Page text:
Sir Wilfrid Laurier

Born on November 20, 1841, Wilfrid Laurier entered into a poor family that could barely scrape together enough money to buy food for the children food. Laurier was a smart child and his parents new that he accomplish great things. Because Laurier was so smart, his father made a decision that could benefit or destroy the rest of Laurier's life. His father decided to send him to an English speaking school in Montreal to give him a better education than he was being provided with. When Laurier headed off to University he attended McGill University to study Law.

By then Laurier spoke English and French fluently and he wasn't afraid to say what was on his mind. In university Laurier managed a high academic profile, studying to become a lawyer as well as a part time job as a law clerk. In his graduating year Laurier was chosen for Valedictorian. Little did everyone know years later he would be speaking not for just his graduating class, but for all of Canada. Laurier then married a much older French woman by the name of Zoi?? Lafontaine in 1868 but had no children.

Even though Laurier had no children with Zoi?? , it is lead to believe that Laurier fathered a child that belonged to Emilie Lavergne. Emilie had been Laurier's best friend. Emilie had made Laurier into an amazing people person and taught him how to be presentable when doing his job. Because of Emilie's help, Laurier quickly earned a reputation as an excellent lawyer and public speaker. On the left is Wilfrid Laurier and on the right is Armand Lavergne, son of Emilie Lavergne and believed to be the son of Wilfrid Laurier.

This is believed because of their striking resemblance. When Laurier ran for a seat in the Quebec Legislature in 1871, he felt very strongly about people having freedom to vote in their own opinion. In 1874 he was elected as an MP. Even after the Catholics told people not to vote for freethinking Liberals. After 13 years as an MP he became Liberal leader. And in 1896 defeated the Conservatives and became Prime Minister. After Laurier was elected as prime minister he tried to make Canada no longer divided along language and religion lines.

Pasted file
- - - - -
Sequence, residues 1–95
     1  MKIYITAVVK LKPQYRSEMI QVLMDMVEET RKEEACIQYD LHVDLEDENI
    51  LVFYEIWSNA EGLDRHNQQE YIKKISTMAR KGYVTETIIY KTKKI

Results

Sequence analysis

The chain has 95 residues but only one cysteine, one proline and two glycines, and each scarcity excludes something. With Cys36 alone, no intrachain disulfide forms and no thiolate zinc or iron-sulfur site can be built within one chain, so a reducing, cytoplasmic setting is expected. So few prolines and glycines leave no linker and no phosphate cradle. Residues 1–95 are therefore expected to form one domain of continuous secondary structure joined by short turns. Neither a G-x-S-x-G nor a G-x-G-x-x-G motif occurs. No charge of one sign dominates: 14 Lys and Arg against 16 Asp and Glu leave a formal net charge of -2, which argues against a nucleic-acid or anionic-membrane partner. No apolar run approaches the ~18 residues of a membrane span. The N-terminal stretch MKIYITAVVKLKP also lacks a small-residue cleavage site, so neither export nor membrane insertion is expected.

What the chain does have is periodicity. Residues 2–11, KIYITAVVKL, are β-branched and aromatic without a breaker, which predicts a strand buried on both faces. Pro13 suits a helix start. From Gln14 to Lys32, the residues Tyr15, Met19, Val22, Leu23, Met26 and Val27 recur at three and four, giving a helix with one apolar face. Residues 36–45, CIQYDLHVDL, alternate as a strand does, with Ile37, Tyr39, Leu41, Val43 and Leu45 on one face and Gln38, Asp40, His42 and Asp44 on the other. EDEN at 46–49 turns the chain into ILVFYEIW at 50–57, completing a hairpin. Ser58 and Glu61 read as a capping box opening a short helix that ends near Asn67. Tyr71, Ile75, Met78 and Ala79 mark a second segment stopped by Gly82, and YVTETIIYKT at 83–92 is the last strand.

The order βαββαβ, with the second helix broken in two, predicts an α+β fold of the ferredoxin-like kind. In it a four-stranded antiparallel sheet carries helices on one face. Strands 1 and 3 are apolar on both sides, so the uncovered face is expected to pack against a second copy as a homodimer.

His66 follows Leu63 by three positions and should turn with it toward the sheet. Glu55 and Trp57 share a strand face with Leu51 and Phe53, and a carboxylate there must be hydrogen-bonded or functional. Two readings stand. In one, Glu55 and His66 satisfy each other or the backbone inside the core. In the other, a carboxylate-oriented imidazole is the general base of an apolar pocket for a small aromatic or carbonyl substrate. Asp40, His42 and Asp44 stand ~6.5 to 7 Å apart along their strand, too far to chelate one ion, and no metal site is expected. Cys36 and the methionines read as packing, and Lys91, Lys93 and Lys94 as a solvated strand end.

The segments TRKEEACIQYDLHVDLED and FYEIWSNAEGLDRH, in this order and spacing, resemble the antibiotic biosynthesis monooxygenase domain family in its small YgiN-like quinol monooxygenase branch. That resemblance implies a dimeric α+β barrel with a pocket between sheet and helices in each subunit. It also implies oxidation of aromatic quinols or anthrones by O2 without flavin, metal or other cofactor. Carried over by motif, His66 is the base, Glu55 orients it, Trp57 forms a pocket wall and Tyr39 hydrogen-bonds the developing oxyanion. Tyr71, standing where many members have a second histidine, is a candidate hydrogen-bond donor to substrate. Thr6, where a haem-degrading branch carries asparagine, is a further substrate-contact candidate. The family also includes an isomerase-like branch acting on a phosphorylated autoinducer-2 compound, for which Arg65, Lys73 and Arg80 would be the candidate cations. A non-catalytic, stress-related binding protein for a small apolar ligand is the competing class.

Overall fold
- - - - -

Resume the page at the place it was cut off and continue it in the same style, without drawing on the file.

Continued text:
In 1896 gold was discovered in the Klondike. Because of this, people went north to claim the riches. Laurier also wanted people to go west by offering them free land in exchange for setting up homesteads. In 1899 Britain called on Canadian soldiers to help them in the Boer War in South Africa. Going along with his policy Laurier didn't want to force Canadians to go if they didn't want to, so Laurier made it voluntary. He agreed to pay for whoever wanted to go.

Meanwhile English Canadians felt that Laurier wasn't doing enough while French Canadians thought that Canada shouldn't help at all. Laurier's Boer War Dilemma. "The Prime Minister, Wilfrid Laurier, was caught between English-Canadian and French-Canadian public opinion. The former wanted Canada to send troops to South Africa. The latter was strongly opposed to Canadian participation in the war. The cartoon shows Laurier hiding while Canadian volunteers, paid by Britain, march off to Britain's aid. "